Are management buy-outs a means of ensuring viable futures for established family businesses? Selling or handing over the family business will be one of the most difficult decisions a family will make and many different alternatives will have been explored. Neil Orford explains more.
More often than not, management and employees hold the key. Their loyalty, commitment and knowledge of the core values of the business mean that they can become the natural choice as successors.
The climate has never been better for the management team to take up the once in a lifetime opportunity of acquiring ownership of the business from its shareholders – the cost of finance is relatively low, venture capitalists have money burning holes in their pockets and company values remain at sensible levels.
A Management Buy-Out (‘MBO’) works well for the vendors too. Vendors can test the feasibility of the buy-out before presenting the opportunity to management and they can sleep comfortably in the knowledge that their business will not be subjected to the commercially sensitive scrutiny of a trade buyer.
There are a number of advantages and disadvantages associated with MBO’s and careful consideration needs to be given to these prior to proceeding down the route of one.
Advantages of an MBO
- Management work in the business and therefore have an understanding of the operation and can make the MBO process easier
- Significantly reduced due diligence requirements
- Potentially reduced warranties and indemnities, reducing comeback against the vendor
- Some businesses/market sectors do not lend themselves to trade sales and therefore an MBO can be a way of exiting successfully
Disadvantages of an MBO
- Failure to complete an MBO can ultimately make the management’s position untenable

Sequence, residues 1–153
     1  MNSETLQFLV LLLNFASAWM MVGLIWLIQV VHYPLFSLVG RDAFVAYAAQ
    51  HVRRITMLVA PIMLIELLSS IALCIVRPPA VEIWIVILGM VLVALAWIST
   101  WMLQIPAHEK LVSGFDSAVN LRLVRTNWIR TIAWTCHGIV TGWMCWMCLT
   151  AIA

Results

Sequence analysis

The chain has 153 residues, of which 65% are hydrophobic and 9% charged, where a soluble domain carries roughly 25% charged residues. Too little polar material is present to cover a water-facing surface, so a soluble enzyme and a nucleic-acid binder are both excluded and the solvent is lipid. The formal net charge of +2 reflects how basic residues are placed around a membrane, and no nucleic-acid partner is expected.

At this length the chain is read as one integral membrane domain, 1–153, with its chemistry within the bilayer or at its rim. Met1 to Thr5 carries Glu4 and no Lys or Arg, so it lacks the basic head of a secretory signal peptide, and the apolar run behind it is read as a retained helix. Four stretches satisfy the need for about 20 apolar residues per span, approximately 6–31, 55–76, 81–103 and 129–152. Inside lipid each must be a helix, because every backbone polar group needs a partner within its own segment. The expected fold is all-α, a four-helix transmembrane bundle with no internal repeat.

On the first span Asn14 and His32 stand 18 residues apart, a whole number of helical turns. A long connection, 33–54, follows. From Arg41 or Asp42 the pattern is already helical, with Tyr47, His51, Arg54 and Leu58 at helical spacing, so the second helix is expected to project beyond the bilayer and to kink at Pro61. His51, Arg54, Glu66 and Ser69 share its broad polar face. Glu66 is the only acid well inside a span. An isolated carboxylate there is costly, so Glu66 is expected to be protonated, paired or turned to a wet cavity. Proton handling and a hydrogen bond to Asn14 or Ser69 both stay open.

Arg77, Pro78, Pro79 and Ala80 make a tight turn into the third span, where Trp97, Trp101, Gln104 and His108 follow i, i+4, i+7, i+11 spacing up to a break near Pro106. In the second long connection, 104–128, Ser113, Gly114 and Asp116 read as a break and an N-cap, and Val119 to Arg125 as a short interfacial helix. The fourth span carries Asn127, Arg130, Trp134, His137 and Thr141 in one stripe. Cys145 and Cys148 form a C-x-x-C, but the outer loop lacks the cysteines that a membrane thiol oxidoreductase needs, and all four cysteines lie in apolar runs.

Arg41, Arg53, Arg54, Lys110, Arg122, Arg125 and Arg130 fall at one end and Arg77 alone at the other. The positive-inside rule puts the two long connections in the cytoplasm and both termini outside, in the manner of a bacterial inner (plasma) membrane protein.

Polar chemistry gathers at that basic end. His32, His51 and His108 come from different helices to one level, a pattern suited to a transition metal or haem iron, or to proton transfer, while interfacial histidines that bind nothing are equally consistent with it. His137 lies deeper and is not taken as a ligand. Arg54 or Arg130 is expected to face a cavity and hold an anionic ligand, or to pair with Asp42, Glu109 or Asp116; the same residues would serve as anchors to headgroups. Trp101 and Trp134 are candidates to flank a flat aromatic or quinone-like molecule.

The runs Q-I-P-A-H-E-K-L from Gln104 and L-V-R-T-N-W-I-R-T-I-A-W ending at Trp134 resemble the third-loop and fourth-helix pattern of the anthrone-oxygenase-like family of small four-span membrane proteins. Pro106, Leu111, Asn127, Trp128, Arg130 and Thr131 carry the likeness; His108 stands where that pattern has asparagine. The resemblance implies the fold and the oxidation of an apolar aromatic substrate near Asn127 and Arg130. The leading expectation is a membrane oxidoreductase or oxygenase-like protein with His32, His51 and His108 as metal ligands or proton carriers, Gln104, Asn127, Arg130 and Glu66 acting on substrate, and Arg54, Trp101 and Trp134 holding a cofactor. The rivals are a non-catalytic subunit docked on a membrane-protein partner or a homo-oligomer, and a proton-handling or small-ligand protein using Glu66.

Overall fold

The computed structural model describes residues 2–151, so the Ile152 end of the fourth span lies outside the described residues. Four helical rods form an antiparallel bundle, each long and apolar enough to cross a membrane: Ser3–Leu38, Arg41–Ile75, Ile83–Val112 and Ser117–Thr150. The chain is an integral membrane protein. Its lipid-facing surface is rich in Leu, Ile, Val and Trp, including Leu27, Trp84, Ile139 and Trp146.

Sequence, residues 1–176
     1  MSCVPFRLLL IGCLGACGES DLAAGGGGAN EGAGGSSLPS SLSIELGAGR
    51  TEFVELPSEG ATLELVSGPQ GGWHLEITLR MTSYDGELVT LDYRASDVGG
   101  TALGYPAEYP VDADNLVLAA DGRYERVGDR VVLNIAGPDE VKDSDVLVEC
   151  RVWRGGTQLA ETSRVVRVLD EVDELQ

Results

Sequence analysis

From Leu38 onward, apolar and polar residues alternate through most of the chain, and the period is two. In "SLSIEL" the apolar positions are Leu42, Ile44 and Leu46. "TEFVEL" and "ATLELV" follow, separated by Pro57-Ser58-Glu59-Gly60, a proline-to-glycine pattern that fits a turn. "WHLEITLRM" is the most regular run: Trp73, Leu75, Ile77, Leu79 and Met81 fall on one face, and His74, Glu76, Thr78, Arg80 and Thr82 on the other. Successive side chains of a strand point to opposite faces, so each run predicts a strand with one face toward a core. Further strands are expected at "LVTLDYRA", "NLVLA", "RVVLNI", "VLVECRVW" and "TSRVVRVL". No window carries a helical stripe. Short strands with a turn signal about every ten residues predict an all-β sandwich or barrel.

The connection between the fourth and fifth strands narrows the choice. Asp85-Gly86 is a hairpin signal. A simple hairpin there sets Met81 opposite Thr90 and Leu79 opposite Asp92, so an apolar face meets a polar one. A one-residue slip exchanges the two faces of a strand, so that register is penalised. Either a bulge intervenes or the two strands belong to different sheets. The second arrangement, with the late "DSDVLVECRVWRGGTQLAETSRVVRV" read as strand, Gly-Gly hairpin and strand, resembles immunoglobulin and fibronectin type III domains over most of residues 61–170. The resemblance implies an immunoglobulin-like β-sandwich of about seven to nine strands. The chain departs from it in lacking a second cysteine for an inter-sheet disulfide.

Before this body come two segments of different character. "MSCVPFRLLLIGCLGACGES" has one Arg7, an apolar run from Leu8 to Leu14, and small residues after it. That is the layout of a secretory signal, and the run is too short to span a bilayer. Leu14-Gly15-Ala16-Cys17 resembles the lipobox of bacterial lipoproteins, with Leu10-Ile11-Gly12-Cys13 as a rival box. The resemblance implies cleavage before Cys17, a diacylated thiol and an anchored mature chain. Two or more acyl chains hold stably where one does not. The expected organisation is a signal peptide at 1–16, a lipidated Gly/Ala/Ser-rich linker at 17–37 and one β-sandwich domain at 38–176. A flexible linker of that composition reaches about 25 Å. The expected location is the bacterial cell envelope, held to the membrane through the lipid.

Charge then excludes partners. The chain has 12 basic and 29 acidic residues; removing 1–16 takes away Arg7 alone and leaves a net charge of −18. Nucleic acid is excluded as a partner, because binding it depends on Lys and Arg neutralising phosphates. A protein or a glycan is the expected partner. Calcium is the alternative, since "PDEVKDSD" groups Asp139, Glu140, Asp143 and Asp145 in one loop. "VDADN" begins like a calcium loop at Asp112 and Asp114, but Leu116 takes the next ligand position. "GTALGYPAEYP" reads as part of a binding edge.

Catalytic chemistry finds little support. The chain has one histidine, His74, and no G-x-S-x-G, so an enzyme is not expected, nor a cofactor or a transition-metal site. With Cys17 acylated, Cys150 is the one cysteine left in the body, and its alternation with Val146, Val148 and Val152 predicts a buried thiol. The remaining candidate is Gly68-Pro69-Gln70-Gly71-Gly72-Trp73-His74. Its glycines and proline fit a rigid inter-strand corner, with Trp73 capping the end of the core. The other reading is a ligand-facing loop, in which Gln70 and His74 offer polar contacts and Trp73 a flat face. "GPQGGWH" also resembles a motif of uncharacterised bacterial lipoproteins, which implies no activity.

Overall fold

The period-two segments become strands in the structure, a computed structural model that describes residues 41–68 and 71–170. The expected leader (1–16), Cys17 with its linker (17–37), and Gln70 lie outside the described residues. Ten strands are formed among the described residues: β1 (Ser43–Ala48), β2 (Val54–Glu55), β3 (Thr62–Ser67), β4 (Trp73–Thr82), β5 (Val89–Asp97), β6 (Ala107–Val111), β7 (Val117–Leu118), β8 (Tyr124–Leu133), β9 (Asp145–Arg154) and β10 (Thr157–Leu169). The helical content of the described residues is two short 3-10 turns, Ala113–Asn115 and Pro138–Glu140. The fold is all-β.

- Consideration received for a business by a vendor is typically discounted compared to what can be obtained when selling the company on the open market
- MBO’s often include some form of deferred consideration, which may not meet the immediate cash expectations of the vendor.
- The first concern of many managers who are given the opportunity to participate in a buy-out is ‘how much will I need to invest personally?’ In most buy-outs, the bulk of the finance required to fund the acquisition is provided by banks, asset funders, venture capitalists or the vendors.
An investment from the management team is helpful in securing the funds required, not because of the size of the investment, but more importantly for external funders it demonstrates the commitment of the management team to the buyout.
The buy-out process can be complex and the management team will have to accept that the financial gearing in the business, due to the external investment, will be higher and any funders will keep a close eye on progress.
But if the management team are confident in their ability to deliver the plan and grow the business then their financial reward can be significant.